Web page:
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10,000 Jobs To Move Offshore Under Barclays' Merger Plan

Barclays said it would also cut outright 12,800 staff positions if its plan is approved by ABN Amro shareholders.
As part of a restructuring that would follow its proposed acquisition of Dutch banking giant ABN Amro, U.K.-based Barclays said Monday that it would ship 10,800 jobs from the West to low-cost countries such as India.

"The reduction in staff is a necessary part of the envisaged synergies from the combination of the two banks," Barclays officials said in a statement. Barclays' $91 billion offer to buyout of ABN Amro would create annual savings of $4.75 billion by 2010, Barclays said.

Part of those savings would be achieved through lower labor costs. In addition to sending thousands of jobs to countries where workers are paid considerably less than their Western counterparts, Barclays said it would also cut outright 12,800 staff positions if its plan is approved by ABN Amro shareholders.

Barclays said many of the offshore positions would be filled at ABN Amro's ACES unit -- an Indian subsidiary that the Dutch bank established for the procurement of low-cost back office and IT services. The Mumbai-based operation is known for enticing workers with dot.com style benefits like a gym, personal trainers and in-house juke boxes.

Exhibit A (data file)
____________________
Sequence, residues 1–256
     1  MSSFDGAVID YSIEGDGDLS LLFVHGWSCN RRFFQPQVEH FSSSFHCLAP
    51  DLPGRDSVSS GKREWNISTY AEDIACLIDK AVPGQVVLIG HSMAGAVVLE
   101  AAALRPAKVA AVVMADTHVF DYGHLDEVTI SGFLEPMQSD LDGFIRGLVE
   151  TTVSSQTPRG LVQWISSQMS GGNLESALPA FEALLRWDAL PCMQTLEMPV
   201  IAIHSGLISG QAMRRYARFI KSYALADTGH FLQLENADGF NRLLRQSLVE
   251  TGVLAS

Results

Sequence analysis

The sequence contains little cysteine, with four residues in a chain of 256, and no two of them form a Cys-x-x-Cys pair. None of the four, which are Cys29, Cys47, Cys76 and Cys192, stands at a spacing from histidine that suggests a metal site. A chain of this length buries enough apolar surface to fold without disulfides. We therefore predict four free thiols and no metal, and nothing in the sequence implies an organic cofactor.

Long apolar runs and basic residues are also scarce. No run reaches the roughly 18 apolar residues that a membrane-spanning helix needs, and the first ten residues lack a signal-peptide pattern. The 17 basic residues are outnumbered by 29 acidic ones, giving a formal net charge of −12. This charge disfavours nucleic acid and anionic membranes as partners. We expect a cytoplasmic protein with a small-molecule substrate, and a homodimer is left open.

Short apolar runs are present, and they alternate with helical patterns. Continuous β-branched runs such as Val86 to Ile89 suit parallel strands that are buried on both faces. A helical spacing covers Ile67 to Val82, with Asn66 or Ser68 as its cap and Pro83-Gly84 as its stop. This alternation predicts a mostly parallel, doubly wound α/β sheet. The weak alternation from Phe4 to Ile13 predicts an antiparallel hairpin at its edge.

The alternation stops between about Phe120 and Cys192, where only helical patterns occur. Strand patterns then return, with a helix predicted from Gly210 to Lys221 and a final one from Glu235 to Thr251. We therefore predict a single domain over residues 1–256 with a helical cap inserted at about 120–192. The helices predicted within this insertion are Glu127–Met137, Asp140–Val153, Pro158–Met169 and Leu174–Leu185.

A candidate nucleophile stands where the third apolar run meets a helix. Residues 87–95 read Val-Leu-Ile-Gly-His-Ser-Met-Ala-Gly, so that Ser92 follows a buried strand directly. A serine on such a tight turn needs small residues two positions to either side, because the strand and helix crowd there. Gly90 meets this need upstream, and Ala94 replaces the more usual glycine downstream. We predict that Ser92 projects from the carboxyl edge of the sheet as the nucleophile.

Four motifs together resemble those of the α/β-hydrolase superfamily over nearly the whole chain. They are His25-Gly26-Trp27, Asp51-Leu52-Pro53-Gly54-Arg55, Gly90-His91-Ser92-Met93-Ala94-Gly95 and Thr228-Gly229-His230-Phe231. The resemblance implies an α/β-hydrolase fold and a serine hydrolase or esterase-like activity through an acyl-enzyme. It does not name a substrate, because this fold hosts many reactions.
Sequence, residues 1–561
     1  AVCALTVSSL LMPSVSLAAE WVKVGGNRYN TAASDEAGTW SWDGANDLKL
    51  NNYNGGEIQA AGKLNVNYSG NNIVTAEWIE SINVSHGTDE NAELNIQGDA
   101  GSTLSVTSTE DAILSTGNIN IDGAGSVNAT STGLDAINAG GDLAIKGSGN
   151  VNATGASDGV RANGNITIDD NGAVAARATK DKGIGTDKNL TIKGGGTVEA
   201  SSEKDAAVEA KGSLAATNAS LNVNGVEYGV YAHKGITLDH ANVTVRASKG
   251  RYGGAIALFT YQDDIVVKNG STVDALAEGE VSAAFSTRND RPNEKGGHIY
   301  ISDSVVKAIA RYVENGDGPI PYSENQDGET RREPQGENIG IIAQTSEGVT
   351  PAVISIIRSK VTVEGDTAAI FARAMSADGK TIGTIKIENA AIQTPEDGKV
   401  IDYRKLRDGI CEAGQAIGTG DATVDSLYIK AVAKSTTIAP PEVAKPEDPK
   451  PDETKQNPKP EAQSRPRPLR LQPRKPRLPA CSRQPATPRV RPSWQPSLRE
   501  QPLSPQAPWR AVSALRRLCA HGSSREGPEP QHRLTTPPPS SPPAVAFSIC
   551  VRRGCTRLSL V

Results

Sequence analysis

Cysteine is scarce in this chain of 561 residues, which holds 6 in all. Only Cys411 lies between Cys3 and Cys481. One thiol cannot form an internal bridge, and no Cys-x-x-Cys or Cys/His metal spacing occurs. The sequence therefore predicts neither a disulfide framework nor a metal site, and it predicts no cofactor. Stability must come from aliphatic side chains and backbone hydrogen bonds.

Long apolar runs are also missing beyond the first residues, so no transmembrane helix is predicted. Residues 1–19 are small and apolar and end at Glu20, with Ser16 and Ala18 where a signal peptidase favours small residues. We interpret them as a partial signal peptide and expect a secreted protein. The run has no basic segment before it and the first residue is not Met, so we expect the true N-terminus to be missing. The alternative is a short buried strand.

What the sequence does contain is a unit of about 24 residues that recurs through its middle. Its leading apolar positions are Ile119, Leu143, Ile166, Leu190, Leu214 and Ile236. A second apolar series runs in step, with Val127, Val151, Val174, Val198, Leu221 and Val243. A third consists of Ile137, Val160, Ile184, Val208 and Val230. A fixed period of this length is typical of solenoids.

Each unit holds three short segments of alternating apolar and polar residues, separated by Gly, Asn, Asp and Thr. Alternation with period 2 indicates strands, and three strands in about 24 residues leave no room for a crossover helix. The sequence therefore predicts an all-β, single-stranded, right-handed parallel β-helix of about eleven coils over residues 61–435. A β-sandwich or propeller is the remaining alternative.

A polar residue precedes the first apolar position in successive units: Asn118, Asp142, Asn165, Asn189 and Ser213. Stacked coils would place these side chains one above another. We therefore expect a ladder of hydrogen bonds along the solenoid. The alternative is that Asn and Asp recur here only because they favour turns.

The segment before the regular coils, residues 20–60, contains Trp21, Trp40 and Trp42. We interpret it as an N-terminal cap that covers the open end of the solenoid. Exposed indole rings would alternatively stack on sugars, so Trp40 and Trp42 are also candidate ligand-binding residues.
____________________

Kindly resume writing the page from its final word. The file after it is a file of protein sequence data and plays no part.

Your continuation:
ABN Amro also has considerable experience outsourcing to third parties in India. The bank in 2005 handed a chunk of its IT operations, along with 3,200 tech jobs, to five vendors under more than $2 billion worth of contracts. The vendors include U.S.-based IBM and Accenture as well as Indian outsourcers Tata Consultancy Services, Patni Computer Systems, and Infosys Technologies.

Word of the planned merger and resulting shakeup comes less than two weeks after U.S.-based banking conglomerate Citigroup said it would offshore as many as 9,500 jobs as part of a plan to cut spending by $10.4 billion over the next three years.

The disclosures by Citigroup and Barclays lend credence to a report issued earlier this year by Deloitte predicting that offshore tech spending by banks will increase from the present 6% of the industry's $44 billion total annual IT budget to 30% by 2010.

Barclays is offering 3.225 of its shares for each ABN Amro share. If approved, the deal would become the banking industry's largest merger to date.

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